Why empowering student leaders is a big priority for Principal Brady

"We are really getting to where teachers, myself and support staff are falling in love with teaching again," Principal Melissa Brady says

Melissa Brady views her students as more than scholars—they are leaders in her elementary school now and in the community in the years to come. Empowering students with “leadership jobs all over the building” at Linden Hill Elementary School in Delaware is a key part of helping children overcome some of the social-emotional ordeals of transitioning back to school after the COVID pandemic.

Melissa Brady
Melissa Brady

“It’s embedded in our culture,” says Brady, who was recently named a National Distinguished Principal by the National Association of Elementary School Principals. “We are giving them good, real-life examples of what a leader in the community can achieve.”

Her students are developing competencies in socialization, public speaking and taking initiative, among other skills, adds Brady, whose building, named a National Blue Ribbon School in 2022, is a part of the Red Clay Consolidated School District.

For the adults in the building, she has prioritized distributive leadership by creating grade-level and multidisciplinary leadership teams that include special education teachers and counselors. Among their key roles are helping to set goals and craft Linden Hill’s continuous improvement plan.

The school also has a staff recognition team called the Sunshine Committee, which organizes regular events such as staff yoga and meal training for ailing colleagues. “It’s so important for people to know that, yes, we work very hard but we are also human beings and we have other priorities outside school,” she says.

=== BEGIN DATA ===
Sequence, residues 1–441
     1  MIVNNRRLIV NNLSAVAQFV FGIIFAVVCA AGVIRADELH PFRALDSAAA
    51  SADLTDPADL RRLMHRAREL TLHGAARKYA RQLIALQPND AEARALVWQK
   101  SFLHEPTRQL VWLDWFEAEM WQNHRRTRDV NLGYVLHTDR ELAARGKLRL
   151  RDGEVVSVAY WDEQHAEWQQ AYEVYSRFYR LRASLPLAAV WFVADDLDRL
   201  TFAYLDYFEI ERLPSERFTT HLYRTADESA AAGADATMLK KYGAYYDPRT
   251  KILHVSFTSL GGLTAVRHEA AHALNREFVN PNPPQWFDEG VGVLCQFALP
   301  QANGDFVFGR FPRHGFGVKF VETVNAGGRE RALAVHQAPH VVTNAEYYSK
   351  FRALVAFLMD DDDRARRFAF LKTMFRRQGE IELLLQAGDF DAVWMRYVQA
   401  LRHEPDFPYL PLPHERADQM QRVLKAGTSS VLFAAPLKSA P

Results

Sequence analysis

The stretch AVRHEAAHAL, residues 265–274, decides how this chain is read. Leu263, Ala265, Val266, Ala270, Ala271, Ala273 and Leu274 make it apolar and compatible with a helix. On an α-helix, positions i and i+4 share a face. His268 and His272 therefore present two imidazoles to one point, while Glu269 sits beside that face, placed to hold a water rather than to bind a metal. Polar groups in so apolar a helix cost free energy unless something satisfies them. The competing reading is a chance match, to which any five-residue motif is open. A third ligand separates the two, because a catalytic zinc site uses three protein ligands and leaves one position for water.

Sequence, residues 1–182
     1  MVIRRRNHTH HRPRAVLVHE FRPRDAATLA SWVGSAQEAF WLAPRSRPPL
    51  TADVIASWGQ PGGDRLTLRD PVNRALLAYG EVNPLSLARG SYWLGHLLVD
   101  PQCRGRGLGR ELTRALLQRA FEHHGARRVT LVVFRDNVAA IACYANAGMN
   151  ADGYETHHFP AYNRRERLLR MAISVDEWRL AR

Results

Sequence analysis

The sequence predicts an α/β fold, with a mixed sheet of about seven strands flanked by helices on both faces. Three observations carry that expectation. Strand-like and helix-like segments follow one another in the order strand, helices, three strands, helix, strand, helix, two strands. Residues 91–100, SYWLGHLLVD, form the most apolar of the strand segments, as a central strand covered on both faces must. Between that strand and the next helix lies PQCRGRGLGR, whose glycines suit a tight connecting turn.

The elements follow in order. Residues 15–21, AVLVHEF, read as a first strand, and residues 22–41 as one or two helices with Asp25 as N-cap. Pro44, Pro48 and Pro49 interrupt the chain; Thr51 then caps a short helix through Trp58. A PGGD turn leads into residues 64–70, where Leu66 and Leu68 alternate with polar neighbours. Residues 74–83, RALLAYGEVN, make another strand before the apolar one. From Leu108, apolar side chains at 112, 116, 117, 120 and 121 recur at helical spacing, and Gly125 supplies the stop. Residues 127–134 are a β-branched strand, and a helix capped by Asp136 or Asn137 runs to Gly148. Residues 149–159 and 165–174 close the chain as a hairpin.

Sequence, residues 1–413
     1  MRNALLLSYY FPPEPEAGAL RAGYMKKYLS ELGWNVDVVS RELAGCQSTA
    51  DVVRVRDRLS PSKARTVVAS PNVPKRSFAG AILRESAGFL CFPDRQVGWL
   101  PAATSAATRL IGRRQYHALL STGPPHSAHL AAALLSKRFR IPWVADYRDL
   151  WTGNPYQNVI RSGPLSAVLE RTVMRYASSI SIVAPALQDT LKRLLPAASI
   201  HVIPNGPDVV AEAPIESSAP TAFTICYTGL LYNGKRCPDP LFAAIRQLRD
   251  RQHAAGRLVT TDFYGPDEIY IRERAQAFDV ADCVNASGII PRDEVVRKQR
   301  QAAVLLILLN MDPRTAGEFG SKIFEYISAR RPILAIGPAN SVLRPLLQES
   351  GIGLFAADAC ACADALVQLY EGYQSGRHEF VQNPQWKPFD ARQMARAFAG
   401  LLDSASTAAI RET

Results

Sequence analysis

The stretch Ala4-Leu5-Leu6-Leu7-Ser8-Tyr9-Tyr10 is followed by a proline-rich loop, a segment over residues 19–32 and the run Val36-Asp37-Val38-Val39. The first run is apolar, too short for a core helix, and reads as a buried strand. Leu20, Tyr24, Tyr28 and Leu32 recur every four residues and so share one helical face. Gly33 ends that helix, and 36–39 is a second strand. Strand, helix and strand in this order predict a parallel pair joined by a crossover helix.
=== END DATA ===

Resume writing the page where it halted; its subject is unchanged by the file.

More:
How being a principal is changing

Brady, like many other superintendents and principals District Administration, has spoken with over the past few months, is finally feeling confident that school is returning to normal after the disruptions of the last several years.

“We are really getting to where teachers, myself and support staff are falling in love with teaching again,” she notes. “Teaching to a screen is not where elementary teachers are at their best—they are active, they are animated, they move around, and we’ve gotten back to that.”

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Her own focus is shifting back to instructional leadership and coaching, and tracking special education compliance, all tasks she finds more fulfilling than worrying about who and who isn’t logged into Zoom. However, Linden Hill and many other elementary schools in Delaware and across the nation are contending with a widening gap in the skills students have when they enter the early grades.

“It’s very hard to fund all of the support that is needed to level the playing field,” Brady explains. “Our teachers and our school counselors are being asked to do some pretty remarkable things.”

Complicating the issue are Delaware’s charter schools, which have siphoned off more affluent students from the state’s public K12 system. Marginalized families don’t have the same bandwidth to research their K12 alternatives, she contends. “Some of the charters have become quite elite,” she concludes.


Matt Zalaznick
Matt Zalaznick
Matt Zalaznick is a life-long journalist. Prior to writing for District Administration he worked in daily news all over the country, from the NYC suburbs to the Rocky Mountains, Silicon Valley and the U.S. Virgin Islands. He's also in a band.

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